News at Mason
A conversation with former U.S. Secretary of Education John King
December 11, 2017 / by Damian Cristodero
By the time John King was 12 years old, he had lost both his parents to illness.
While that made life at home “scary and unpredictable, confusing and tough,” he said, he found the halls of P.S. 276 in Canarsie, N.Y., and Mark Twain Junior High School in Coney Island “amazing, compelling and interesting.”
“It was a safe and nurturing place,” King said of school. “I could be dead or in prison today if it weren’t for the teachers who saved my life.”
With that as his foundation, King, the president and CEO of The Education Trust who was U.S. Secretary of Education from 2016 to 2017 under then-President Barack Obama, has dedicated his life to preparing children for success through education.
He was the featured speaker at this year’s College of Education and Human Development PhD Colloquium at the Johnson Center Cinema on George Mason University’s Fairfax Campus on Dec. 8.
"I have great respect for John King and have followed his work for many years," said Mark Ginsberg, dean of the College of Education and Human Development. "To get to hear from him on a very personal level and in a more intimate setting, and to be able to talk with him, will deepen our understanding and push our thinking. It's a great opportunity for our students and alumni, as well as my CEHD faculty colleagues."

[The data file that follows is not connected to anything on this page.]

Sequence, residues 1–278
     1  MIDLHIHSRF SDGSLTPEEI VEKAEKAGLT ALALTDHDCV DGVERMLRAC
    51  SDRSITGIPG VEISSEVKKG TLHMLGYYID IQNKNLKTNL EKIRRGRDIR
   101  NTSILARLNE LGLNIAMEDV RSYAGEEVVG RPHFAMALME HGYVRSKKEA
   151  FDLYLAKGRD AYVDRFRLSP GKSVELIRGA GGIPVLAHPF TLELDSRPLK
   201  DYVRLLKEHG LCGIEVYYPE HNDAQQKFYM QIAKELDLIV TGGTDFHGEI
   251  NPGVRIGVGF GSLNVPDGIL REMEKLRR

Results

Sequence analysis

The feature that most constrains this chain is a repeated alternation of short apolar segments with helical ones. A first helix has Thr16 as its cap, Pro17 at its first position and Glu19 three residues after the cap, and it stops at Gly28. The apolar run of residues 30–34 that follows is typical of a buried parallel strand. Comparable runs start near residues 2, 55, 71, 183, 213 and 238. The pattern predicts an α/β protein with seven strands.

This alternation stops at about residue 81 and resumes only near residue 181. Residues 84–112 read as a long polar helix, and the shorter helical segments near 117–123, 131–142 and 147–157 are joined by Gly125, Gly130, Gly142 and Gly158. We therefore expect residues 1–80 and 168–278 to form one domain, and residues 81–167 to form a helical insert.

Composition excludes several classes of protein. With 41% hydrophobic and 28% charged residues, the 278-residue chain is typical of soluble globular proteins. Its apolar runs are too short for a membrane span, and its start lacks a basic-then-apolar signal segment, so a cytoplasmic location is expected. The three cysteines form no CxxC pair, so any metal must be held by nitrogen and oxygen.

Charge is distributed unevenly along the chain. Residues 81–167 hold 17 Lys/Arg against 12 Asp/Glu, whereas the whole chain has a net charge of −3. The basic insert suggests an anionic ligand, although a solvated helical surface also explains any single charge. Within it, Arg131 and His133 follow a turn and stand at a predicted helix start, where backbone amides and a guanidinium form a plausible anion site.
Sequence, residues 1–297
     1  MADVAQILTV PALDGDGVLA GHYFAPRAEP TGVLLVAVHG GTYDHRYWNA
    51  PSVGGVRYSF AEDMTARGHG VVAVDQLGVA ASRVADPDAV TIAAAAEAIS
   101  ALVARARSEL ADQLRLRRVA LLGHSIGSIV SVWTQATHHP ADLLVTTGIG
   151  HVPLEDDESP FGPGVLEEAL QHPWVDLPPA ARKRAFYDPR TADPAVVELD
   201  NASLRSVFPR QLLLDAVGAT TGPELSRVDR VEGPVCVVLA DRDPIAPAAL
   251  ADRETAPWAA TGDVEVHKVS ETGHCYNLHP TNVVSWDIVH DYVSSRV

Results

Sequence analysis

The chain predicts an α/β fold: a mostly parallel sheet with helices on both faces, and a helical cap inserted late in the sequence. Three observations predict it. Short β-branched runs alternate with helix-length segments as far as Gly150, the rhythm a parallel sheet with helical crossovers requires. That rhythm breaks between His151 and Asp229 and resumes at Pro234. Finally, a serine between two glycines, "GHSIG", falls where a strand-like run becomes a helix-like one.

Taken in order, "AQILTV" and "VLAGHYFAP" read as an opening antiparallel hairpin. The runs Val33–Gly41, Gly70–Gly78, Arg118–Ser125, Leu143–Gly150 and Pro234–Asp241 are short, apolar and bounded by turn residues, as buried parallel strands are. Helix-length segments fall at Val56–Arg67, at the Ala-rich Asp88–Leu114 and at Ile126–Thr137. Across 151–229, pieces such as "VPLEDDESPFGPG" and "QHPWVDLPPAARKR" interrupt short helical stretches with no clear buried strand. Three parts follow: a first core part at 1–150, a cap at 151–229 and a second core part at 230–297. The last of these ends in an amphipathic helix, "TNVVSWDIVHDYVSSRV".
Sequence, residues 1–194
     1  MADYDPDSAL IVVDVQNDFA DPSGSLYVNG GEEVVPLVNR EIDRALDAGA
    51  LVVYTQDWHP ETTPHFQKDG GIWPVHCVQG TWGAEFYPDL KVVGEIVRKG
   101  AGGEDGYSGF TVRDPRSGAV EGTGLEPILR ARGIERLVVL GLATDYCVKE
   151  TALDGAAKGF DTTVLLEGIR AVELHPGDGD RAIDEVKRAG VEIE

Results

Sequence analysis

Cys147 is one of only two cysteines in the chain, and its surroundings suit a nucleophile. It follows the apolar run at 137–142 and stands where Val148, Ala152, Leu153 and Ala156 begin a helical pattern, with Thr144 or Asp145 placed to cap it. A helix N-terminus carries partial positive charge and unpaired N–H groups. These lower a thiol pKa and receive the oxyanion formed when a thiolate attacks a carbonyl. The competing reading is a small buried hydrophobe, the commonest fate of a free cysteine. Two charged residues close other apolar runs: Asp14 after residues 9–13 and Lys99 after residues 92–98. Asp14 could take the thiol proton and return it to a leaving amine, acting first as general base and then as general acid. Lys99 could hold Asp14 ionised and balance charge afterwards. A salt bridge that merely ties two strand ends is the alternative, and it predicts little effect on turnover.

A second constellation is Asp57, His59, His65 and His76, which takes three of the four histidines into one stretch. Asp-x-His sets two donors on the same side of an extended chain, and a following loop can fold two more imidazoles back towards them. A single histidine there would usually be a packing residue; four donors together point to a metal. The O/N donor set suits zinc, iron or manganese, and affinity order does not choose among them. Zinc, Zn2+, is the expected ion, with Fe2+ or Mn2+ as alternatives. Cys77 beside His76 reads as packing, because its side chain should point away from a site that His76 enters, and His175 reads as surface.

King’s message was simple.
“It is important that we work to achieve equality in education,” said the Takoma Park, Md., resident, whose organization seeks to close opportunity and achievement gaps for students from preschool through college. “I believe that every student, regardless of race, socioeconomic status, ethnicity, gender identity, zip code or language spoken at home, deserves access to an excellent education.”
“Right now, in this moment in our country,” King said, “the stakes have never been higher to protect our most vulnerable students, especially students of color and those from low-income families.”
Mason associate professor Spiros Protopsaltis was deputy assistant secretary for higher education and student financial aid under King and, with Ginsberg, interviewed King on stage.
Of his former boss, Protopsaltis said, “He’s someone who is both very knowledgeable and passionate about these issues, and speaks to them from the mind and the heart. He’s one of the few people who has experience as both a practitioner and policymaker, and understands the entire education pipeline from cradle through career.”
For King, a former high school social studies teacher and middle school principal, and New York State’s education commissioner from 2011 to 2015, the most pressing issue is overcoming the obstacles to a quality education faced by underserved students.
Those groups continually have less access to quality pre-K programs, effective teachers, diverse educators, challenging courses, and college- and career-ready assignments, King said.
“We’ve got to dedicate ourselves to the urgent work of offering rich educational experiences to all students that inspire curiosity and a love of learning while preparing them for success in college, careers, and beyond,” he said. “That means ensuring students encounter their schools as safe, nurturing, joyful places to learn and grow.”
Much like King did while growing up in New York City.